In the summer of 2013 I started volunteering at an animal shelter near my house. Volunteering my time with animals was something I’d wanted to do for years, however my lack of good health had gotten in the way. But as soon as my body allowed, I hurried at the chance to focus my attention on something other than myself. I had suddenly felt normal again.
Since that summer, I have gone from volunteering 1 1/2 hours a week to 8 – 10 hours, and hope to commit more of my time in the future because I love what I do.
There is a dog at the shelter I have bonded with named Sable. I go to see her on days outside of my “scheduled” shift because she has created for herself a permanent place inside my heart. She is an amazing dog who has been at the shelter longer than she should be because unfortunately for her, she is part-pit bull. She isn’t unfortunate because there is anything inherently wrong with the breed. Sable is unfortunate because there is everything inherently wrong with the stigma humans place on pit bulls.
Just this past week, Sable was twice passed-up because she is part-pit bull. I was told one woman took a fondness of her while watching Sable through her kennel, but when told of her breed, the woman balked that she would never take a pit bull home, and then moved on to the next kennel. And then there was a family who were very interested in giving Sable a home, but found out their apartment complex has a no bully-breed dog policy. This is a big reason why pit bulls and pit bull-mixes are the most-highly euthanized dogs in the country – they are discriminated against by both people and businesses. Statistics vary, but the most solid report is 2800 pit bulls are killed each day. That’s over a million a year.
However, the fate isn’t much better for the pit bulls who do manage to live because this breed is probably the most abused dogs on the planet. With the internet and social media, it’s hard to escape the images of the consequences of dog-fighting. And you know what? It should be hard to escape these images because they show the reality of what horrible and cruel human beings create. And we need to see these images every…single…day because these gruesome acts occur every…single…day.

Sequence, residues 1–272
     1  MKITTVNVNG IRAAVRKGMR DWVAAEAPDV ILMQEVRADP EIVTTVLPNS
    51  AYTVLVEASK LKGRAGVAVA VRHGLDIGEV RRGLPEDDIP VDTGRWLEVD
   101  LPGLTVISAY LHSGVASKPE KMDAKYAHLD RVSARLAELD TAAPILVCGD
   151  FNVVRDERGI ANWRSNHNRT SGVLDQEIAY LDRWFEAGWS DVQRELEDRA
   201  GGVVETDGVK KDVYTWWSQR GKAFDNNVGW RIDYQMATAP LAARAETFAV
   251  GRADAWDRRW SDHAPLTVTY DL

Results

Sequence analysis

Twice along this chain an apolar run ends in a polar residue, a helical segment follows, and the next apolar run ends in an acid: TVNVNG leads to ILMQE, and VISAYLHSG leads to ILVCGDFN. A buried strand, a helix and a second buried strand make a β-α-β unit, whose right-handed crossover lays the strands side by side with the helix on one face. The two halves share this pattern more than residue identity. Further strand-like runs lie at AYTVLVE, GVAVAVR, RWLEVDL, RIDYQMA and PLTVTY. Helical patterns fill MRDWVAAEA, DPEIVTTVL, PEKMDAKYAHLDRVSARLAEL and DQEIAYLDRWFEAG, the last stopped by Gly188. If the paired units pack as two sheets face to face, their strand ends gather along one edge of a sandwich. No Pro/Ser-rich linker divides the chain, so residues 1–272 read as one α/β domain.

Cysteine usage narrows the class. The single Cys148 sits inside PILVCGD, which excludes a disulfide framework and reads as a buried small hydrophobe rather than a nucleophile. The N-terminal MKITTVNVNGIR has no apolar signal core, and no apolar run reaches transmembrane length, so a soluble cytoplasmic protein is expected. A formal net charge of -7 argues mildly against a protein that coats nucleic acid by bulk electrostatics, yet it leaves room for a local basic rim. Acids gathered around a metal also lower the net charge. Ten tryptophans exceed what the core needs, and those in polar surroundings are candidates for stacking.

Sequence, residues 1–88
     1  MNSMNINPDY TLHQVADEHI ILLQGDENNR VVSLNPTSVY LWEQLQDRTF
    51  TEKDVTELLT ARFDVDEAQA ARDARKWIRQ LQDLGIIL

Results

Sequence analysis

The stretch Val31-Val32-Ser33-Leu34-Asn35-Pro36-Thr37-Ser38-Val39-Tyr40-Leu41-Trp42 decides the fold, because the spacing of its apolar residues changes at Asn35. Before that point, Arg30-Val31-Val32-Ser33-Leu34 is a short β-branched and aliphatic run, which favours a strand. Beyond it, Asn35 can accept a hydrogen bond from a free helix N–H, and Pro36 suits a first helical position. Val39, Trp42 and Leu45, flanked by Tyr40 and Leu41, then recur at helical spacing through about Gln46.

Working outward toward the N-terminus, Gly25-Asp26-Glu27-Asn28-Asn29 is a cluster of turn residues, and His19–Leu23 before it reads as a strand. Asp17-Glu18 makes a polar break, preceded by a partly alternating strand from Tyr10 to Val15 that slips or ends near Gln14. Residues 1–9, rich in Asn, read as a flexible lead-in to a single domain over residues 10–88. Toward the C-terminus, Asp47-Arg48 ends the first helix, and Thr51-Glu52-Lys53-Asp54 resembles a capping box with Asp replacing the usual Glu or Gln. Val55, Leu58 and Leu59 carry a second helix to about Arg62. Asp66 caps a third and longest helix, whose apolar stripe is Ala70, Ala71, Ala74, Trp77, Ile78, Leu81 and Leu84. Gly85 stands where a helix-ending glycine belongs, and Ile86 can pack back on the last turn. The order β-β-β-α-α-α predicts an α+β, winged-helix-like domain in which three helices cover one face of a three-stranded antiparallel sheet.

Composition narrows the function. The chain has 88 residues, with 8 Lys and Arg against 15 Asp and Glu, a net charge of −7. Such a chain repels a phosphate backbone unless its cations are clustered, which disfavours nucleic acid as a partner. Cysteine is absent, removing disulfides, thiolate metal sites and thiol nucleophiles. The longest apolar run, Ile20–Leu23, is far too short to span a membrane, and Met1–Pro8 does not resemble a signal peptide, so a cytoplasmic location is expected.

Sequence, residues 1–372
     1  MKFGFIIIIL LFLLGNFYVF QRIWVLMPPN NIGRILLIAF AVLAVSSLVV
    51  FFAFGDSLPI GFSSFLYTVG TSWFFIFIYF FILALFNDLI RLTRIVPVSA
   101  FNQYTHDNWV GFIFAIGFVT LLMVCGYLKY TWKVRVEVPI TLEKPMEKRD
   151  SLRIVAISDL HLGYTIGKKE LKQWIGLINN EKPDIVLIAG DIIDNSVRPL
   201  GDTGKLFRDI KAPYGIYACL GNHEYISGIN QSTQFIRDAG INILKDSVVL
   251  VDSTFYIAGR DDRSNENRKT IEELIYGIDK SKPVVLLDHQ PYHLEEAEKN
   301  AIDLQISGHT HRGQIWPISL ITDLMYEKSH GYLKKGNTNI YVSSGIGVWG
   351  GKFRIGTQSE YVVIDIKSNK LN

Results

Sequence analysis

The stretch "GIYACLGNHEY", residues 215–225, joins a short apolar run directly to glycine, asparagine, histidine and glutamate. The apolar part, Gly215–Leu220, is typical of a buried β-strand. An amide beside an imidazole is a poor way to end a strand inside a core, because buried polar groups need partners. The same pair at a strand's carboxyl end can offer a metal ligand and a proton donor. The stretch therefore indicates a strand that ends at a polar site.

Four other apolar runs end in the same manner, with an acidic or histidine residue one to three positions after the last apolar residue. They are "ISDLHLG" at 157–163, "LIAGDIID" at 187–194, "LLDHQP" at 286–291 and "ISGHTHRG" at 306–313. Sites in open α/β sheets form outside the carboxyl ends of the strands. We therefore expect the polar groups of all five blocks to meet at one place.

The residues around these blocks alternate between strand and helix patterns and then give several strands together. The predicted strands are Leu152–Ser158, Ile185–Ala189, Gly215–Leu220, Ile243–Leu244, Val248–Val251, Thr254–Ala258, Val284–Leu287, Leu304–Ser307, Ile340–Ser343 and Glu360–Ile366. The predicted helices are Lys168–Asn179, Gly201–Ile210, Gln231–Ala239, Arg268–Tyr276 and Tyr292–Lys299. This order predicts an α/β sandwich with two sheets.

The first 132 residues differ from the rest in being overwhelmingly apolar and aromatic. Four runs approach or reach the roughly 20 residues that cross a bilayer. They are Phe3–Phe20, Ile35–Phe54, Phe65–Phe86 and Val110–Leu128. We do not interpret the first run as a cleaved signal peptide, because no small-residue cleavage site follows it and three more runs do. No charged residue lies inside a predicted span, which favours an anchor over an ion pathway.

Sable has no idea how close she had come, this week alone, to finding her furever home. She is unaware of any “pre-determined prejudice” against her. She’s as happy-go-lucky of a dog you’ll ever meet. When I am with her, her body language doesn’t scream out “poor me” or “nobody loves me” or “why am I still here!”
Sable lives in the moment, as most dogs do. When I make my way toward her kennel, (she’s about five runs down from the entrance) and she’s curled up sleeping sweetly on her bed, I’ll squat down quietly and whisper, “Hello pretty girl. Are you ready?” Sable jumps at the sound of my voice and wags her tail madly because she knows it’s time to play in the yard. She’ll lick my face through the cage and then spin her body toward the doggie door, waiting impatiently for me to open the run.
Aside from being part-pit bull, Sable is also half-lab, and it is the lab-side of her that’s been showing a lot this summer as we’ve been playing with the hose. Sable absolutely loves water and I dare anyone not to crack up while watching her leap high to catch the water sprinkling in all directions. She never tires of jumping into the fountain of water I create by sticking my fingers against the opening of the hose and spraying it toward the sky, splashes form all around us.
Sable’s favorite game with the hose is when I spray the hose directly at her face and she tries to catch the water with her teeth. Spending these days with her is the epitome of what summer should be – hot, laughter-filled, care-free days playing with a hose.
When it’s time to put the hose away, I dry her off on a porch in the yard with a towel. Although she will attempt to lunge toward the pool a couple times, when I give her a stern “no,” she knows play time is over and lays quietly beside me and lets me dry her off. I think she enjoys the gentle massage as I rub the towel over her body. Dogs love being pampered…maybe shelter dogs the most. Before I bring her in, we lie across the porch, Sable cuddled against me, and we rest in the shade of a gorgeous summer day.
When I take Sable, or any other dog in the shelter, out, they leave their kennels behind. Each dog is completely committed to enjoying every second out of their cages. They don’t waste precious moments worrying about when their time will be up, and they’ll be back in their small cages with nothing but a bed, a bowl of water, and a nyla-bone to occupy their time.
Once outside in the yards, the dogs are too busy having fun living in the moment to waste their time lamenting about where they’ll be twenty minutes from then.
People, who almost always carry our heavy burdens with us everywhere we go, can learn so much from these loving animals.
Below is a link to a video of me and Sable playing with a hose.
If you’re looking for a pet, please consider visiting your local animal shelter. Animals at shelters are not broken. They are not “dirty.” Most puppies from pet stores come from puppy mills where their mothers live in horrible condit Please visit thepuppymillproject.org for more information.
Also, if possible, please don’t overlook an animal just because he or she may be a pit bull or pit bull mix. I know first-hand these dogs make great companions and are loving and loyal animals. I’ve had a pit bull-mix for five years and there is no better dog out there – well, maybe Sable runs a close second. 🙂